AW’s editor looks ahead excitedly to the 60th anniversary of Roger Bannister’s first sub-four-minute mile
When Roger Bannister ran 3:59.4 in Oxford on May 6, 1954, to become the first man to break the four-minute barrier for one mile, he was instantly immortalised. The feat is undoubtedly the greatest athletics achievement of all time, possibly even the top sporting moment in history. It is, quite simply, the Everest of athletics.
Don’t take my word for it. “It is right up there with Bobby Moore lifting the World Cup for England,” said Seb Coe, when I interviewed him for Athletics Weekly’s “sub-four special” issue in 2004 – a magazine that marked the 50th anniversary of Bannister’s run at Iffley Road and proved one of the most popular issues ever.
Frank Deford of Sports Illustrated put it pretty well too. “The poles had been reached,” he wrote, “the mouth of the Nile found, the deepest oceans marked, the tallest mountain scaled, and the wildest jungles trekked but the distance of ground that measured one mile continued to resist all efforts to traverse it, on foot, in less than four minutes.”
Now, we find ourselves on the eve of the 60th anniversary of the famous feat. Bannister himself is bringing out a new autobiography, Twin Tracks, and he was also at a publicity event recently with Diane Charles and David Weir to promote the Bupa Westminster Mile in London on May 24. Running under her maiden name of Leather, Charles was the first woman to break the five-minute barrier for the mile – also in 1954 – while Weir hopes to become the world’s first sub-three-minute miler in a wheelchair on the roads of the Westminster event.
So why such fascination with a four-minute mile as opposed to the many other barriers in athletics? For starters, the mile is a distance most people are familiar with. When describing how far away something is, most answer in ‘miles’. In addition, the mile is part of the holy trinity of athletics distances – the other two being the 100 metres and marathon.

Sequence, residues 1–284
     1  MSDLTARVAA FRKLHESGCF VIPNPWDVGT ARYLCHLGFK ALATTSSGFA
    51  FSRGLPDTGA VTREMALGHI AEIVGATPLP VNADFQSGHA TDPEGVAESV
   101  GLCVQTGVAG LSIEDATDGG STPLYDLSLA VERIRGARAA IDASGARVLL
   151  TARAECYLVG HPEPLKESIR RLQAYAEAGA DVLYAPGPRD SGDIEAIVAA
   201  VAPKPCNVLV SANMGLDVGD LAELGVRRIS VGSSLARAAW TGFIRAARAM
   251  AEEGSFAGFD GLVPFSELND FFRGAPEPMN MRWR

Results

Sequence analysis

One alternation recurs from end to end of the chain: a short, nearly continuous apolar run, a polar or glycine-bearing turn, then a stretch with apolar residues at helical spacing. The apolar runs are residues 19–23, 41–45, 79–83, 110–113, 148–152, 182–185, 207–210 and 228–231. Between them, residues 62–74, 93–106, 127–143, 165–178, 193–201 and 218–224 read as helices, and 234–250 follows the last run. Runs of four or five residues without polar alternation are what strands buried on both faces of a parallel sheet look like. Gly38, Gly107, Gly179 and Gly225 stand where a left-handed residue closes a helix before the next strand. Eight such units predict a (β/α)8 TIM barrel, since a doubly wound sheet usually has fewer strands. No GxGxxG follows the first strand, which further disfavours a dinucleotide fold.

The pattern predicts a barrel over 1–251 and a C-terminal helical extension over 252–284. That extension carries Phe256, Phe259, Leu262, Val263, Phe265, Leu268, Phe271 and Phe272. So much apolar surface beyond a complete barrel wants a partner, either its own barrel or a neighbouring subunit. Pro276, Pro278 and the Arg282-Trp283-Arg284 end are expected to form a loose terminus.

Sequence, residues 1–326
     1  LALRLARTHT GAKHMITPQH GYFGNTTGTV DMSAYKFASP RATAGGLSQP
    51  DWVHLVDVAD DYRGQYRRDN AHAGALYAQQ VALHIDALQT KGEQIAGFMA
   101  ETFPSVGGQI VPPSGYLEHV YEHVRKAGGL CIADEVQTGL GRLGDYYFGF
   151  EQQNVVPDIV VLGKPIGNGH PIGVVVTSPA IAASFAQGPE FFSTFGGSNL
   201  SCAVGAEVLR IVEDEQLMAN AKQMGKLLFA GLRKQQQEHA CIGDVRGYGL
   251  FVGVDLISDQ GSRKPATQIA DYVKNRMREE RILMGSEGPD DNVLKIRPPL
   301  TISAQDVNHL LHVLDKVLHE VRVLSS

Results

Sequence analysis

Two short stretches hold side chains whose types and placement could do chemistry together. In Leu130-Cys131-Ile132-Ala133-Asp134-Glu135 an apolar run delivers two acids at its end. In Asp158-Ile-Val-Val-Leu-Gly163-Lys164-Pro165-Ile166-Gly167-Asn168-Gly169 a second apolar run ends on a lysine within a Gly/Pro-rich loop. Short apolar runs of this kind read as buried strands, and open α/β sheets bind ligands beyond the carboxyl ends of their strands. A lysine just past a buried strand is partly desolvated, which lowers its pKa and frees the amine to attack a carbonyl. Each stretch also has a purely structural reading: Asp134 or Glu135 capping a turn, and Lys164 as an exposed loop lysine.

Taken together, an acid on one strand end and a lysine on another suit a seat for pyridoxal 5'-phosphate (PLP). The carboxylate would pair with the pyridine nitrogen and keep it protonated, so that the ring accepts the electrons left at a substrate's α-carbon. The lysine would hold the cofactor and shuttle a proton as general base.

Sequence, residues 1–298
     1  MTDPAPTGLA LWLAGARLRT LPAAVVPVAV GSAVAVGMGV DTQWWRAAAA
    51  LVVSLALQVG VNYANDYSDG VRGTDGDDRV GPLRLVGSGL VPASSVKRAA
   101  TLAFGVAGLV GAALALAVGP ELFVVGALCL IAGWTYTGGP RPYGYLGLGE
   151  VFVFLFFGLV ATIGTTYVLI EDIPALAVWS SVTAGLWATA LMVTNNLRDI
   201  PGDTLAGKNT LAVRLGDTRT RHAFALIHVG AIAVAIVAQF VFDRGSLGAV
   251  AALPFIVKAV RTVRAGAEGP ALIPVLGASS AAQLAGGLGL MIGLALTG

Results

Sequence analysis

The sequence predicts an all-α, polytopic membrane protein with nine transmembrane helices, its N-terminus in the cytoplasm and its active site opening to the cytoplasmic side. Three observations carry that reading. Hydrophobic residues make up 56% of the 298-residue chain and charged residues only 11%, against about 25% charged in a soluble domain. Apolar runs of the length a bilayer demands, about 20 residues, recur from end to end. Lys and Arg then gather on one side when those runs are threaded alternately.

Secondly, the quest for the four-minute mile has quite beautiful symmetry. It involves running four laps in four minutes – with each lap run in one minute. It is neither too short, nor too long – ideal for most people’s attention span. In fact, it is the perfect distance to allow the story of the race to unfold. Like a short play, it has a clear opening, middle-section and ending. Physically, it also demands a marvellous mix of speed, stamina, strength, strategy and courage.
Even when Eamonn Coghlan set his famous world indoor mile record of 3:49.59 in 1983 – an achievement that celebrated its 31st anniversary a few days ago – it was on a 176-yard track, making it a symmetrical 10 laps to the mile.
To appreciate the significance of Bannister’s sub-four-minute mile it is important, too, to recognise the sociological setting in 1954 when he broke the barrier. Britain had just emerged from World War II and was coming through a period of rationing. The nation – indeed the entire world – was looking for hope and inspiration. And Bannister helped provide it.
The story behind the race was also inspirational. Bannister and his fellow “miling musketeers”– Chris Brasher and Chris Chataway – who helped pace him on that famous day more than half a century ago, all went on to be massive successes in their chosen fields post-athletics. Bannister’s rivalry with Australian miler John Landy added spice to the scenario. Meanwhile, the story of the day itself, where gusty winds made a record attempt appear unlikely until the last moment, is quite glorious.
Of course, in recent years many runners have broken four minutes, making the feat look relatively ordinary. But it is still an achievement that all aspiring middle-distance men have near the top of their “to do” list. And the sport is also full of ambitious runners who were not quite talented enough to pull it off.
As for Roger Bannister, well, he was the man who burst the dam – and he fully deserves his place in the history books. Is it the greatest performance in athletics history? I would say so – and by an absolute mile!
» Jason Henderson edits Athletics Weekly and hasn’t broken four minutes for 1500m, let alone the mile